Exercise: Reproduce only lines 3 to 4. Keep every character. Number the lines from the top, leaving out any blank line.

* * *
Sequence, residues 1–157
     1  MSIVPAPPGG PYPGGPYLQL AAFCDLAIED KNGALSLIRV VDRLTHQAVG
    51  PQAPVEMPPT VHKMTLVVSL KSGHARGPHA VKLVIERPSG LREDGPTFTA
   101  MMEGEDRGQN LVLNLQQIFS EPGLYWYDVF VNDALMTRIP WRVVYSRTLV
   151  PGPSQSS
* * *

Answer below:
    51  PQAPVEMPPT VHKMTLVVSL KSGHARGPHA VKLVIERPSG LREDGPTFTA
   101  MMEGEDRGQN LVLNLQQIFS EPGLYWYDVF VNDALMTRIP WRVVYSRTLV